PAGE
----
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Re: Games Beaten 2022

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Cotton 2 for Switch, which is literally just the Saturn version, untranslated from the original Japanese, running on an emulator. In fact, iirc some hackers managed to get other games running on the emulator it, and I assume Cotton Boomerang, uses.

Anyway, I beat it on Arcade Mode, Easiest Difficulty and Longest Vitality.
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Re: Games Beaten 2022

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Partridge Senpai's 2021 Beaten Games:
Previously: 2016 2017 2018 2019 2020 2021
* indicates a repeat

1. Dandy Dungeon: The Legend of Brave Yamada (Switch)
2. Dandy Dungeon 2: The Phantom Bride (Switch)
3. Mon Amor (Switch)
4. Terraria (PC)
5. Puppeteer (PS3) *
6. Chocobo's Mystery Dungeon (PS1)
7. Project Altered Beast (PS2)
8. Devil Summoner II: Soul Hackers (Saturn)

9. Kirby Star Allies: Heroes in Another Dimension (Switch)

I was struck a month or so ago with a vicious bug to play a bunch of Kirby after a friend was talking about how they were playing the post-launch content in Kirby Star Allies. I thought what better game to start with than Star Allies itself, as I'd never given much time to the content other than the main story to begin with. I spent some 20-odd hours playing through the post-launch Heroes in Another Dimension mode as well as the Guest Star ???? Star Allies Go! mode and the The Ultimate Choice modes. They were so substantial, particularly the Heroes in Another Dimension mode, that I figured I'd do a writeup just for them, if only a short one.

For a quick recap, Kirby Star Allies' big thing is that it's a 4 player Kirby game, not unlike Return to Dreamland on the Wii was, but the thing this time is that instead of a bunch of Kirbys, you can turn the powers you grab into buddies like you could in Kirby Super Star on the SNES. You can even add elemental powers to physical weapons and such for even more combo power, and it's a really fun time. At launch, there were also a few special guest stars who you could play as after you rescued them in the game, King Dedede, MetaKnight, and Waddle Dee. However, after launch, several batches of more guest starts were added based on further Kirby games (from the group of animal companions in Dreamland 2, to Marx from Super Star, to Dark MetaKnight from Amazing Mirror, and so so many more), and all of these 15+ guest stars play super differently to everything else in the game, and have really cool intricacies as to how they play. You can play through the normal game's levels as these guys, which is fun in and of itself, but you can also play the bonus modes with them, and that's why I felt they really shined.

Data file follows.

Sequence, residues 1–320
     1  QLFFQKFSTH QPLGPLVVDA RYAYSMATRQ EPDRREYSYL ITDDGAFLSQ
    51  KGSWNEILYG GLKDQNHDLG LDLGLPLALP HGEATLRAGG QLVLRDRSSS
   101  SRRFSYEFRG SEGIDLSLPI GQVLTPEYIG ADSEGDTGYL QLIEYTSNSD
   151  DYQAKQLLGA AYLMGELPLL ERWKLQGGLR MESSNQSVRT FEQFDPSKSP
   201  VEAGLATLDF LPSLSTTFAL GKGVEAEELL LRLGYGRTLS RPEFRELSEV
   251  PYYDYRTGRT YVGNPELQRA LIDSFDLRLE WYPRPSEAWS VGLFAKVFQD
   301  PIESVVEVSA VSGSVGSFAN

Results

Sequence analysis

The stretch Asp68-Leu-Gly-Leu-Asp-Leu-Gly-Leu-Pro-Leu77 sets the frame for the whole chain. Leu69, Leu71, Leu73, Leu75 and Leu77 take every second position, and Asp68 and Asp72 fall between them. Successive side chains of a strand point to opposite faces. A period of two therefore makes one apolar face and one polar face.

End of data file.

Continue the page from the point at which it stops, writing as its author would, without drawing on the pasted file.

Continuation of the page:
First of these modes that's been in the game since launch is the Guest Star ???? mode, which in the original game functioned as basically an hour-ish long speedrun of a bunch of levels from the proper game with most of the bosses as well (including a new boss at the end exclusive to this mode) where you have to play as one of the Star Allies, and Kirby isn't a playable option. This wasn't something I had much patience to play through when the game came out, but it's a lot more fun if you play as the guest stars (which you can do after beating it with a normal enemy once). Each of them has a special intro stage that sorta runs you through their particular unique abilities, and they also have a special stage near the end of the run (and sometimes a few peppered in the middle of their run as well) as well that cater to their particular playstyles. I ended up having so much fun that I played through it as all of them, and while all aren't equally fun, I had a blast doing it. The new characters just play SO differently that it really did feel like a great new challenge every time despite the levels largely being the same.